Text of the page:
It has become increasingly popular to question whether or not Shakespeare wrote the majority of the plays attributed to him despite the fact that there is little evidence to suggest he didn’t.
Over at The Weekly Standard, I review a book defending the Bard as author. Many arguments against Shakespeare begin with the assumption that the man of Stratford-upon-Avon could not have written the plays because he lacked the education or experience to do so. But:
While Shakespeare did not attend university, he had an excellent secondary education provided to him by the position of his upper-middle-class father. Stratford-upon-Avon was no London, but it was a bustling market town visited regularly by traveling theater troupes. Many of Shakespeare’s hometown friends went on to serve in positions of prominence in the court and in London. And while it was unusual for a playwright not to have a university education, this might explain some of the early animosity he faced from other playwrights.
Furthermore, Shakespeare’s plays bear the mark of being written by a professional theater man. The author’s uses of doubled roles (so that 8 to 10 actors could perform a play of some 20 parts) and acute awareness of how long it would take to change costume or “execute a technical effect,” James Mardock and Eric Rasmussen write, would have been of little concern to courtiers like Edward de Vere or Walter Raleigh. Also, many of the plays’ parts seem to be written for actors who were members of Shakespeare’s company, most famously Will Kemp and Richard Cowley.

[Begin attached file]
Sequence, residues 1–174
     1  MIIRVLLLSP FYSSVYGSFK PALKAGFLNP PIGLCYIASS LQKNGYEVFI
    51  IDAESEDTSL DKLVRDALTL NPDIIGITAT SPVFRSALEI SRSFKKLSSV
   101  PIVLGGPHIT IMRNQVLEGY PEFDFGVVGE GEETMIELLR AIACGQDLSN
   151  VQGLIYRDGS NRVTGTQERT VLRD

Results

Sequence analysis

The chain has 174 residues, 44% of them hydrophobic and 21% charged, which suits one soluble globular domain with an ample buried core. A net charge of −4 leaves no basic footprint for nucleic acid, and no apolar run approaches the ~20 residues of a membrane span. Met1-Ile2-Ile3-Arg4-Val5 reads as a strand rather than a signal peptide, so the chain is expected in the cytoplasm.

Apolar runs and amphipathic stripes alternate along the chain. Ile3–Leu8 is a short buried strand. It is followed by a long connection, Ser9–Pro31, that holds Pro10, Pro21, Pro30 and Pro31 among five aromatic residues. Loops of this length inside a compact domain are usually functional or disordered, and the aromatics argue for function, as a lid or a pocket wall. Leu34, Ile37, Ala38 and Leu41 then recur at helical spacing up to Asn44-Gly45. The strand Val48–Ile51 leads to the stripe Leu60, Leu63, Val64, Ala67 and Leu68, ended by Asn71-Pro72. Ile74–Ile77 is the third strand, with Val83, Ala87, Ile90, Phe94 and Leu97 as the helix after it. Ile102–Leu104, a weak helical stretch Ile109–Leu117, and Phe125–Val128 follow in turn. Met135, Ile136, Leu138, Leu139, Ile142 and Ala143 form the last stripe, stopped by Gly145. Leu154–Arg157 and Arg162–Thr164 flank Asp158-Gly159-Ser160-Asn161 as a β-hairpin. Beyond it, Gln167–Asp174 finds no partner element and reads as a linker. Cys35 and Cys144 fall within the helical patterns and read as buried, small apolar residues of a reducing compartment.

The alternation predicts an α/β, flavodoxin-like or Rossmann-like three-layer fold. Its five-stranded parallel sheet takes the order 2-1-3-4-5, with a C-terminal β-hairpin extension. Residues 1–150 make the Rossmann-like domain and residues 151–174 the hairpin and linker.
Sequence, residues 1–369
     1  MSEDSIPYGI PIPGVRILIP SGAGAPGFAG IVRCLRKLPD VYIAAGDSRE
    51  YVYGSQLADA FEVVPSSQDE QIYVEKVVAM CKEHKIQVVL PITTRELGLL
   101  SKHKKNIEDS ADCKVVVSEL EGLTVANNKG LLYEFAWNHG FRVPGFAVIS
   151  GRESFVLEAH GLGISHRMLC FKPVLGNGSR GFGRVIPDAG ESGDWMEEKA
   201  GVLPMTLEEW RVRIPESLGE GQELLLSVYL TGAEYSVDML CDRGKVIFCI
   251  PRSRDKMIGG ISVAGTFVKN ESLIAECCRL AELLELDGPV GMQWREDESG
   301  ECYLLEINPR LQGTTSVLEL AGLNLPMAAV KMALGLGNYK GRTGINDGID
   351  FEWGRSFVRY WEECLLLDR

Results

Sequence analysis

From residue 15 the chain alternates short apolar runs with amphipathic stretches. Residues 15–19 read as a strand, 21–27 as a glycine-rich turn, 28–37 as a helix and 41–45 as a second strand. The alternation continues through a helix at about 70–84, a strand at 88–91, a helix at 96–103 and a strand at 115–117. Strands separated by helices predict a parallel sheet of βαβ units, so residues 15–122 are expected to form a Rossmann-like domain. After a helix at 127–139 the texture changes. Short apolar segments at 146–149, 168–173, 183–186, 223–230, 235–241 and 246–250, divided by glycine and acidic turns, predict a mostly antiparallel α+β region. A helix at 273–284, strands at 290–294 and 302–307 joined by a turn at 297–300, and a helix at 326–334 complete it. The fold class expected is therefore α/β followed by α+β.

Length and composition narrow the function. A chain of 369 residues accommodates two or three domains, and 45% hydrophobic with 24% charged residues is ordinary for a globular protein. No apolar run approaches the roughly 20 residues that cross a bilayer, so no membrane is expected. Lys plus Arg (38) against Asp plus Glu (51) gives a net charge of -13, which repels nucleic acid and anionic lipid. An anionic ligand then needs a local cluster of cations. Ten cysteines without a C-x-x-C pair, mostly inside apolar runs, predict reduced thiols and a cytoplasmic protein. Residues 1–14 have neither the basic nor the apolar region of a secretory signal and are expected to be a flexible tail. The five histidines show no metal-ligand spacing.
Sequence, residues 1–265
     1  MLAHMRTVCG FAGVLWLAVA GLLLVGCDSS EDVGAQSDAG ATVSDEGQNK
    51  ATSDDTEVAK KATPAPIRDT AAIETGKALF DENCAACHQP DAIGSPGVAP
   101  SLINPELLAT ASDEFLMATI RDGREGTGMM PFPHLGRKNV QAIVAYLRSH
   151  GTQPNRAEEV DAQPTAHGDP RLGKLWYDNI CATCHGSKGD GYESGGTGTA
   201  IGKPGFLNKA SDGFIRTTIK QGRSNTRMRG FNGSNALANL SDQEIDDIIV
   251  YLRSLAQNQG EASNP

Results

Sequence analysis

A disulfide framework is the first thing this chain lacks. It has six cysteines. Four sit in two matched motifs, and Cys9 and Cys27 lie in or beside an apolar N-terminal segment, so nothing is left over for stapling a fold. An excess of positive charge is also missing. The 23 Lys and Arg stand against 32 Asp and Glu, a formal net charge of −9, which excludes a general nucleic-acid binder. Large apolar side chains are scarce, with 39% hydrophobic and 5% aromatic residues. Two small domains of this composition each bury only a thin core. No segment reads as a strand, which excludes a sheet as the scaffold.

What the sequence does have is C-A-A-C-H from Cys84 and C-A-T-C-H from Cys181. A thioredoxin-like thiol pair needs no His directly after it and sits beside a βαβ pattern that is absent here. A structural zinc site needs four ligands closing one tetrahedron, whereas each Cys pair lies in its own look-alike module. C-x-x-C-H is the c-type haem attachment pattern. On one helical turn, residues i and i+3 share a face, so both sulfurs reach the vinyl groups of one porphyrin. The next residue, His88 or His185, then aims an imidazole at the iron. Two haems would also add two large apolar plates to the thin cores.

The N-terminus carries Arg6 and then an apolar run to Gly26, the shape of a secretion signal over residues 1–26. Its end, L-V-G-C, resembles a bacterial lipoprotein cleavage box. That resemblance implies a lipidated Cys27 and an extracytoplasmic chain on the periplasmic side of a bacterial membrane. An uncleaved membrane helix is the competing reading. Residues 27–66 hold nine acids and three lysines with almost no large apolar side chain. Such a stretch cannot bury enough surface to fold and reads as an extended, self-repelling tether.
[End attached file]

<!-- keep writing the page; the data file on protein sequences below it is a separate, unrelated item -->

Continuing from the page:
Others argue that Shakespeare alone could not have written the plays because they are works of genius, and we all know that genius does not exist. To believe in genius, as one respected Shakespeare scholar put it, “is simply to invoke magic.”
But is it? Genius is a slippery, subjective word, no doubt, but it is a useful shorthand for exceptional works or writers, which, in turn, can be debated and qualified.
What’s odd—and this is characteristic of the constructivist approach to literature in general—is that instead of qualifying “genius,” some anti-Shakespeareans, who pride themselves as being hard-nosed rationalists and empiricists, follow the zaniest theories to ridiculous ends to hold on to the theory that genius is an illusion. And instead of arguing that Shakespeare was not a genius, it is argued that he wasn’t even a playwright. There’s no middle ground, it’s all or nothing.
Sounds like a religion, and an irrational one at that.
Some new evidence might come to light at some point, but until it does, it is safe to say that Shakespeare wrote the plays, not Christopher Marlowe (who would have had to fake his death, move to Italy, never return to England to bask in the fame and fortune that were rightfully his), not the second-rate poet and courtier Edward de Vere, nor anyone else.